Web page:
Digitization in Insurance Sector

Casparus Kromhout, Managing Director and CEO, Shriram Life Insurance CompanyThe Indian market often quoted as the 'most fascinating markets for the internet on the planet' has garnered great interest in the digital circles. The number of internet users in India has grown over 28 percent in 2016 with an internet penetration still low at 27 percent. Thanks to the Jio phenomenon the data costs in India have come down by about 50 percent and the consumption of data has risen nine times over the previous year. The revolution has been strongly aligned with the increase of smartphones within the country. With nearly 290 million smartphone users today and a projection of an additional 180 million by 2021, India is next poised on a smartphone revolution. It is estimated that the mobile data usage per smartphone is estimated to increase five times by 2023. Powered by low data costs, increased data consumption and the enhanced spread of the digital medium, the insurance sector also finds itself at an infliction point. So far the best known digital innovation in insurance has been the development of web aggregators. Though, percentage wise the online sales are believed to be only two percent of the offline sales, their numbers have shown exponential year-on-year growth. But the capabilities offered by digital can be endless and deployed at every stage of insurance production and service.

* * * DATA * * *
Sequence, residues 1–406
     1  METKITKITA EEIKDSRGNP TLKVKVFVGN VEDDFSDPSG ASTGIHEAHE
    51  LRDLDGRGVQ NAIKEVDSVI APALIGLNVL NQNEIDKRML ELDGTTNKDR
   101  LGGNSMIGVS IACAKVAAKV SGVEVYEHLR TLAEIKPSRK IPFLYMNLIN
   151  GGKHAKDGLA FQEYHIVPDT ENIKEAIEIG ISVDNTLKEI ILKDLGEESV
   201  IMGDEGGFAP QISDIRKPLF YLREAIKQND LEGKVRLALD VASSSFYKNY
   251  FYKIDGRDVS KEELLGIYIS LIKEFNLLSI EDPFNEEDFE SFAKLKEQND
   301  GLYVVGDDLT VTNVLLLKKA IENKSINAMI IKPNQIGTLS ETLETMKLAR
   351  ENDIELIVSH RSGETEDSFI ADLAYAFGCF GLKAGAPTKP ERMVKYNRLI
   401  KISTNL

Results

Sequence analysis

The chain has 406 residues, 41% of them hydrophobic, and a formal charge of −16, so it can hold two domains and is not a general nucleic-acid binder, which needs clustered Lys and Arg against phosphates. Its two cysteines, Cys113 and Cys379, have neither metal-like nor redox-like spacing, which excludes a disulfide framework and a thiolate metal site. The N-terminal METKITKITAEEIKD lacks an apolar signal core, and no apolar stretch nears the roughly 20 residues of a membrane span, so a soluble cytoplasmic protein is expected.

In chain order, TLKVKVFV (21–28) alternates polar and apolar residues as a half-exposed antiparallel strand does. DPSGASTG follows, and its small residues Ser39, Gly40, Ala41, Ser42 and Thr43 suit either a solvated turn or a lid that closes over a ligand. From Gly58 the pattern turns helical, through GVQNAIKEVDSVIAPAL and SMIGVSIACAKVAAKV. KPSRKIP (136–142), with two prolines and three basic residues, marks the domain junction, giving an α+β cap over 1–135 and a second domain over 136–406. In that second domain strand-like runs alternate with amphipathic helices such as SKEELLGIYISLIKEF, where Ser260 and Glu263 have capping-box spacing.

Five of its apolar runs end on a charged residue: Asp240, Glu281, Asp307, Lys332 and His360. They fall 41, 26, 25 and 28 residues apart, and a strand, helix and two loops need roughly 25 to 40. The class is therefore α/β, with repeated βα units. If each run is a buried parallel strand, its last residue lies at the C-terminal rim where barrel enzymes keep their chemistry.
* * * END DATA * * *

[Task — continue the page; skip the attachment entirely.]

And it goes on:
A sustained stimulus to the use of digital in the insurance sector has come from the government’s Digital India initiatives. The financial inclusion schemes like the Jan Dhan Yojana and PMJJY have been a huge success. Coupled with demonetization, these efforts of the government have ensured a faster adaptation of digital enabled financial services among customers. Also, the Unique Identification (UID) project and it subsequent linking to KYC has enabled easy reach and simplified processes for the insurance sector. The regulator is also allied with the need to evolve the industry. The industry has for long been plagued by the least ‘ease of purchase’ processes as compared to other financial sectors. The regulator has taken note of the seriousness and extended support towards new products, channel innovations and process transformations. Shriram Life Insurance Company(SLIC)has been working zealously for over a decade towards its purpose of bringing life insurance to a customer segment that is generally overlooked by the mainstream banks and insurers. We operate in a segment that is unique. In many cases the Shriram policy